Water management

SuDS (Sustainable Drainage Systems) and NFM (Natural Flood Management) are excellent surface water management techniques to help alleviate flooding, improve water quality and complement water security at the same time as enhancing the public realm.

Our approach to sustainable drainage combines traditional civil and infrastructure engineering with landscape-led approaches to deliver source control solutions in line with an integrated water management philosophy. In addition to the core aim of managing surface water on the surface within a treatment train, our solutions look to improve biodiversity while reducing urban heat island effects, the carbon footprint, and potable water demand – all essential in addressing the current climate and ecological crisis whilst achieving sustainable development that doesn’t compromise the ability of future generations to meet their own needs.

As co-authors of the CIRIA SuDS Manual, SuDS design is in our DNA. Our experts have years of experience and contributed to the development of current guidance relating to sustainable drainage.

As members of SusDrain we prioritise being part of the ongoing dialogue on sustainable drainage, providing the best-practice dissemination and training in these disciplines.

Our excellent track record in the delivery of exemplary and innovative designs speaks for itself, and we regularly support ongoing projects when specialist SuDS design is required.  EPG delivers certified CIRIA SuDS training.

Certified CIRIA SuDS training overview

Landscape architects and water engineers working together to provide innovative water management solutions.

An integrated approach – the benefits

Sustainable drainage and natural flood management have multiple benefits beyond effectively managing surface water runoff. By replicating natural drainage processes, surface water is more effectively managed. In addition to providing drainage solutions, SuDS and NFM provide multiple other benefits including improved water quality, biodiversity and amenity value. By working to the four pillars of SuDS, we ensure that we maximise the benefits delivered through each and every design. 

 

Can this approach be cost effective?

Yes. Whilst the far-reaching benefits of SuDS can be difficult to calculate, such as improvements in health and wellbeing, education opportunities, increasing physical activity and protecting and enhancing habitats, the capital cost is often less than traditional drainage methods.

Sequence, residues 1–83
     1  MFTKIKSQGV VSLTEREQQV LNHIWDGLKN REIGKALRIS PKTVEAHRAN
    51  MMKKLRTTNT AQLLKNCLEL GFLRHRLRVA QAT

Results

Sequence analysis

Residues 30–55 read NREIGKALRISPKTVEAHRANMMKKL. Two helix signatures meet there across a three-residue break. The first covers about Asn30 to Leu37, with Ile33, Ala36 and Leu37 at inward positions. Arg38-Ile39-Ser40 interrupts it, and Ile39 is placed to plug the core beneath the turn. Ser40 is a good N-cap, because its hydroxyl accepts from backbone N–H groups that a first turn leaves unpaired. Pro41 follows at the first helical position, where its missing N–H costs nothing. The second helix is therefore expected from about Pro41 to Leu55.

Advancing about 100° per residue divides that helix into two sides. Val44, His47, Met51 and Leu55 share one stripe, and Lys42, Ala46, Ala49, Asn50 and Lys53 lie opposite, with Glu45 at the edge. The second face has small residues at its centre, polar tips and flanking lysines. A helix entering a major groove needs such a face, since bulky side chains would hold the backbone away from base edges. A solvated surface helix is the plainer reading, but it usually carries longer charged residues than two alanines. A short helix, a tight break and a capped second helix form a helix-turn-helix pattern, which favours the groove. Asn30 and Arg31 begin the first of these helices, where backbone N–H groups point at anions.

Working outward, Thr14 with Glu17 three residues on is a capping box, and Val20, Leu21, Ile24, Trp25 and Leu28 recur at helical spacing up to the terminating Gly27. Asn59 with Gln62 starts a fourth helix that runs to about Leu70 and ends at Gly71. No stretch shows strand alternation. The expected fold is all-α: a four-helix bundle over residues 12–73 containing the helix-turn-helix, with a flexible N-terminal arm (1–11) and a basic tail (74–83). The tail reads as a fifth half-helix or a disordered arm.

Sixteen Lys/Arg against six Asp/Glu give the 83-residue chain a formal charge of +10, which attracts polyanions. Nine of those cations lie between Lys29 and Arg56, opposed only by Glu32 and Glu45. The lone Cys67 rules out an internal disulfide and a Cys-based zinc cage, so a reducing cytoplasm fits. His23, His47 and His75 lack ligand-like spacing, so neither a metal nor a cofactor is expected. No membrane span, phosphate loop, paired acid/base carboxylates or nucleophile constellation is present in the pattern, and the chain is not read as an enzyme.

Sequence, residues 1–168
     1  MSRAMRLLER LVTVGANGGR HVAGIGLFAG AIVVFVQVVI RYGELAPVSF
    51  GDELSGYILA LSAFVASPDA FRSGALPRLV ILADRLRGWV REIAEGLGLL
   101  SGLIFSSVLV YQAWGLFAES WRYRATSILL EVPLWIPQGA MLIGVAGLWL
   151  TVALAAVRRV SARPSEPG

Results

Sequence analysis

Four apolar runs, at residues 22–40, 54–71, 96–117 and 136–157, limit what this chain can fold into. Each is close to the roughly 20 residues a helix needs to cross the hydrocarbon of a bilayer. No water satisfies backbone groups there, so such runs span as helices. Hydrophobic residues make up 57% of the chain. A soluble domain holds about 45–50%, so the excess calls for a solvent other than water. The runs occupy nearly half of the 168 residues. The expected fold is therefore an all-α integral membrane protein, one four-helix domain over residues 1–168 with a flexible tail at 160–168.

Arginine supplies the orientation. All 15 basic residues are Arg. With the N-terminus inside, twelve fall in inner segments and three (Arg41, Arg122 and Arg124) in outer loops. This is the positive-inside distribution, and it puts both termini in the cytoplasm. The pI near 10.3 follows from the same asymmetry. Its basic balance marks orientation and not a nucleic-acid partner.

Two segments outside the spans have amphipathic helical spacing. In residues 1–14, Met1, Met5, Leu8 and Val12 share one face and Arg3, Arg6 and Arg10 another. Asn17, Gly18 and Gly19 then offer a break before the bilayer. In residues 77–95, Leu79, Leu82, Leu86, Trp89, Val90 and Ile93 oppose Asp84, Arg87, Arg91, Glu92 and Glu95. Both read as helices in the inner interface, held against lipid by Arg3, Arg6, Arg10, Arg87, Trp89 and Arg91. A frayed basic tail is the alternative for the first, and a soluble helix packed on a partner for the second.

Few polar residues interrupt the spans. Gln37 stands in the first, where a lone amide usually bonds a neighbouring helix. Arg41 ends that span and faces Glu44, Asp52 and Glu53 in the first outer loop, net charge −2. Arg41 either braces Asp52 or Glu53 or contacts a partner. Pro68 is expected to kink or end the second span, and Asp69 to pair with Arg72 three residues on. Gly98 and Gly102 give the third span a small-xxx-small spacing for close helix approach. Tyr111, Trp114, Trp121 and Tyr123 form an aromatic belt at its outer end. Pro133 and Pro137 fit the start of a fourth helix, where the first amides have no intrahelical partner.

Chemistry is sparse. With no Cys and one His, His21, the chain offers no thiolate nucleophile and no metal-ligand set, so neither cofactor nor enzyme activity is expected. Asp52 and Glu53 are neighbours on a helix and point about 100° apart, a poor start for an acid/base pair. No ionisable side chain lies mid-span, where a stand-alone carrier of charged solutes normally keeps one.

How is climate change affecting surface water flood risk?

The climate is changing faster than ever as a direct result of human activity. Rising temperatures are fuelling environmental degradation, natural disasters and weather extremes, and we know that action is needed. The seeds of the climate emergency were planted in the early 1800s, when humans began releasing carbon into the atmosphere during the industrial revolution. In simple terms, carbon traps solar energy without releasing it (the greenhouse effect), meaning more energy in the environment, which in turn means more extreme weather events at both ends of the scale.  

Much of the focus is on the increasing temperature of the planet and prolonged periods of drought, however while the UK will experience unprecedented droughts it will also experience significantly more extreme storm events and flooding, as IS BEING evidenced at present. 

How can SuDS help?

Most SuDS solutions such as blue green roofs are designed to store enough rain for a 100 year storm event landing on the SuDS catchment area (a flood event that has a 1% probability of occurring or being exceeded in any given year) plus an additional margin to mitigate the effects of climate change. All SuDs are designed to discharge at a greenfield runoff rate which mimics the undeveloped state of the site, and additionally, vegetated SuDS can also be designed to provide irrigation using the collected rainfall.

 

Can this SuDS approach be cost effective?

When planning a large-scale project, cost management is of the utmost importance, and we will always work with our clients on costs in a clear and transparent way. As SuDS has increased in popularity, there has been an ongoing conversation around whether this increases the overall cost of a project.

Whilst the far-reaching benefits of SuDS can be difficult to calculate, such as improvements in health and wellbeing, education opportunities, increasing physical activity and protecting and enhancing habitats, the capital cost is often less than traditional drainage methods.

Defra has also undertaken a number of comparative studies on the costs and benefits of traditional drainage and SuDS. Clients, designers, engineers and quantity surveyors compared the capital (and sometimes the maintenance) costs for draining sites using sustainable drainage and more traditional approaches. All of the sites in these studies showed that the inclusion of SuDS was more cost effective than a traditional drainage system. (source: susdrain.org)

NFM and SuDS are both based on the philosophy of mimicking nature through catching water where it falls (including undeveloped land and farmland) to reduce flood risk either in this area or downstream of the catchment. The main principle of NFM is ‘slow the flow’ through tree planting, wetland creation, leaky dams and natural and nature based techniques to increase the surface roughness.

To talk to us about your project please fill in the form below, email us on enquiries@epg-ltd.co.uk or talk to us on 01925 652983.   

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